Making a Splash
Cityscape wades into the natural swimming pool movement with Canopy Landscape Architects’ Gabe Ross and Paul Roper-Gee.
Images: Natural Pools NZ — naturalpoolsnz.com
With greater awareness of the importance of engaging with the natural world for our physical and mental wellbeing, we are seeing many examples of natural systems being designed back into our everyday landscapes. A great example of this is the natural swimming pool concept that has been quietly spreading through backyards around the world from its origins in Germany some 30 years ago.
Imagine a pool that never needs chemicals and provides a crystal clear swimming experience complete with plants, and even fish! Natural pools essentially replicate the natural processes that occur in lake and wetland systems within a closed recirculating pool. The pools are spilt into two areas – a swim zone and a filtration zone – with the water constantly circulating between the two. The vegetated filtration zone hosts microorganisms and plants that consume the nutrients, minerals and other pathogens that would otherwise quickly lead to a rather ‘froggy’ swimming experience.
Pool designs can range from a DIY natural-looking rocky pond to a modern masterpiece complete with solar heating, robot cleaners, lighting and spouts. The system is very scalable, from a small ornamental water feature through to massive commercial scale public swimming facilities.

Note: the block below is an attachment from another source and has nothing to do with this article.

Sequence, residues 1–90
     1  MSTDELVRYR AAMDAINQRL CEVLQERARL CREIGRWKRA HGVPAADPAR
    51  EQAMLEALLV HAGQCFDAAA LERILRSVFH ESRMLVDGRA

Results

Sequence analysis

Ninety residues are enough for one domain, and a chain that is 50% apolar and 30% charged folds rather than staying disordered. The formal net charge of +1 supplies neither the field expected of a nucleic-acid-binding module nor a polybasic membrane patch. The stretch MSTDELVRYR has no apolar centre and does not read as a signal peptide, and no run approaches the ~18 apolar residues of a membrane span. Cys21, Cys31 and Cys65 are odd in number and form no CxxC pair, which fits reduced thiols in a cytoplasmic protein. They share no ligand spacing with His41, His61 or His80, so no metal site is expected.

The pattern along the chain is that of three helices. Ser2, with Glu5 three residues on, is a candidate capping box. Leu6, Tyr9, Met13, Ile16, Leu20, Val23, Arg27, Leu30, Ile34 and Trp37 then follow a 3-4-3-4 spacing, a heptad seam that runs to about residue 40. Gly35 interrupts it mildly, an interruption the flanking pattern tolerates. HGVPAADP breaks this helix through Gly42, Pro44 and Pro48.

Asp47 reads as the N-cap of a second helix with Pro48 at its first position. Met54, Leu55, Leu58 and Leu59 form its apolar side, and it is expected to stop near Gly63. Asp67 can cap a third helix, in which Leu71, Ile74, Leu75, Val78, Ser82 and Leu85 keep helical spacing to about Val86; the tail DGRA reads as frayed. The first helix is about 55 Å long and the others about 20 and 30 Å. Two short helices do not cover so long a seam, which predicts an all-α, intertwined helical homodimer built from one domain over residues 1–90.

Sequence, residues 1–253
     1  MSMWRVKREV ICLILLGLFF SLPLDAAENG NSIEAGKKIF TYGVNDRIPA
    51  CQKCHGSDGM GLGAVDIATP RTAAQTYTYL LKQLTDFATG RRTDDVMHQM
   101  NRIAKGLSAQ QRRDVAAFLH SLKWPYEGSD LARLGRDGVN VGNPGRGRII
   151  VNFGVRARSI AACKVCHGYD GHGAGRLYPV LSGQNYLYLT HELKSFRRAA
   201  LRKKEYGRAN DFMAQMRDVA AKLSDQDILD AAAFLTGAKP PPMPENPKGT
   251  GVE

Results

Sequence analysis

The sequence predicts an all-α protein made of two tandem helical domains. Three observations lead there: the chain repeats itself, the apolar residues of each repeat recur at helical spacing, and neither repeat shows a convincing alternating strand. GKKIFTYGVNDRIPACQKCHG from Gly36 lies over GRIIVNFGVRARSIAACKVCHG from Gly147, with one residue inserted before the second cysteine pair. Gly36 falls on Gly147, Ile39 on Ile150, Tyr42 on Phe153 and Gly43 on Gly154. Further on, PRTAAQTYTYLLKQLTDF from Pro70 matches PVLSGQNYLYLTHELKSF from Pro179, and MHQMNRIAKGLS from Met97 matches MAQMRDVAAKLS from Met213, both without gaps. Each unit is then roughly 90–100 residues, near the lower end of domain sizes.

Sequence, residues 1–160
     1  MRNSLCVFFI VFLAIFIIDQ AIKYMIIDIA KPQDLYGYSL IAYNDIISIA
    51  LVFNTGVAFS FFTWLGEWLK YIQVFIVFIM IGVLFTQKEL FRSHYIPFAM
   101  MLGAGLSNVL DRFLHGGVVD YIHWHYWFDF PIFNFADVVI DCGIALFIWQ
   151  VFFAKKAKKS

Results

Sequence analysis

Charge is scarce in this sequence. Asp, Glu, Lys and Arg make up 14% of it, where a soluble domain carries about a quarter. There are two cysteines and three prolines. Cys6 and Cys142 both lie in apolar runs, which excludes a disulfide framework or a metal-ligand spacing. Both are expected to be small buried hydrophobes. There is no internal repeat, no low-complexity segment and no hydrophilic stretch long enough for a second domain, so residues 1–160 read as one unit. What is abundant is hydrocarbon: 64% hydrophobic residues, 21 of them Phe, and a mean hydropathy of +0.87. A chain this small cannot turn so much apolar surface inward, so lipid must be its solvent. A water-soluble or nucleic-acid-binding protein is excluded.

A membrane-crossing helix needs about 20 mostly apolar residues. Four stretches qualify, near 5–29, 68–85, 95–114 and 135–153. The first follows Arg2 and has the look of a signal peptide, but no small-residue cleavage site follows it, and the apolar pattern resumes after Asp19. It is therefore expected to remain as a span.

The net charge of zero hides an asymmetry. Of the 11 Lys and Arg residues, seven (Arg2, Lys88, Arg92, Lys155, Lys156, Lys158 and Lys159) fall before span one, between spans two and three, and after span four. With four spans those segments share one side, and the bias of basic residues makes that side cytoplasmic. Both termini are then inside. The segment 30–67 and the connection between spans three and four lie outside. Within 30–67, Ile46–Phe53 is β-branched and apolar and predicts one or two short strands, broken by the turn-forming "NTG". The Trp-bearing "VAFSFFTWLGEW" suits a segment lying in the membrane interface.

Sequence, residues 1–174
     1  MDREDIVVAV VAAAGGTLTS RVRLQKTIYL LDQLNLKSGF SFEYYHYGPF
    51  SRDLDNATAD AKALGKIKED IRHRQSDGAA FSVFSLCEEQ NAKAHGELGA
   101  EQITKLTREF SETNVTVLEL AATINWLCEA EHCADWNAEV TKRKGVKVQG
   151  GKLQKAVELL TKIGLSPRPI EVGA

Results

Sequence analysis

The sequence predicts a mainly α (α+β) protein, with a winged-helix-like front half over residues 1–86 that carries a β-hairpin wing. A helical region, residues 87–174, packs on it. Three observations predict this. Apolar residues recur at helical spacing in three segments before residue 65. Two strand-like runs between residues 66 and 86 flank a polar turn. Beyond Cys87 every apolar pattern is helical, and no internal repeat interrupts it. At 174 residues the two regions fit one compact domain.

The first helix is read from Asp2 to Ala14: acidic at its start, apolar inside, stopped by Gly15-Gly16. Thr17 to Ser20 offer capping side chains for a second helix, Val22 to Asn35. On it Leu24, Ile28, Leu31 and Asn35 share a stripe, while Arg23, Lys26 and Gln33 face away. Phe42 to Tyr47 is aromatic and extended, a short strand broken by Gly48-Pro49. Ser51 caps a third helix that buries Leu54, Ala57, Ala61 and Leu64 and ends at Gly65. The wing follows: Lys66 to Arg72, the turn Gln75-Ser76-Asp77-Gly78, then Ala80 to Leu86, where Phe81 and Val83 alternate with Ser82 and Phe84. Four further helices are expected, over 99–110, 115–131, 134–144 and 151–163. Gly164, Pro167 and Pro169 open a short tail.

A correctly designed and maintained pool will be balanced to provide a completely chemical free, clean and clear swimming experience. Maintenance can be a little more complex as you can’t just rely on harsh chemical treatments that would unbalance or kill the natural processes that we want to keep the water clean. Like a garden, the pool biology will take time to establish and adjust to changes to the system. As a minimum, a bottom cleaning will be needed 3 times a year, and wetland plants may need periodic pruning and thinning.
While commercially-built natural pools are typically similar in cost to conventional, high-quality custom pools, there are ongoing savings in chemicals and with the added bonus that the pool becomes a year-round aquatic garden feature, rather than the typical covered or drained hole in the ground over the winter.
In New Zealand there are now a number of specialist designer and contractors installing both new builds and making conversions of conventional swimming pool to natural pools. DIY projects are also possible, although engaging some expertise to make sure the hydraulics and filtration beds are optimised will save many hours of maintenance down the track. Investing in quality pumps and filters is always recommended!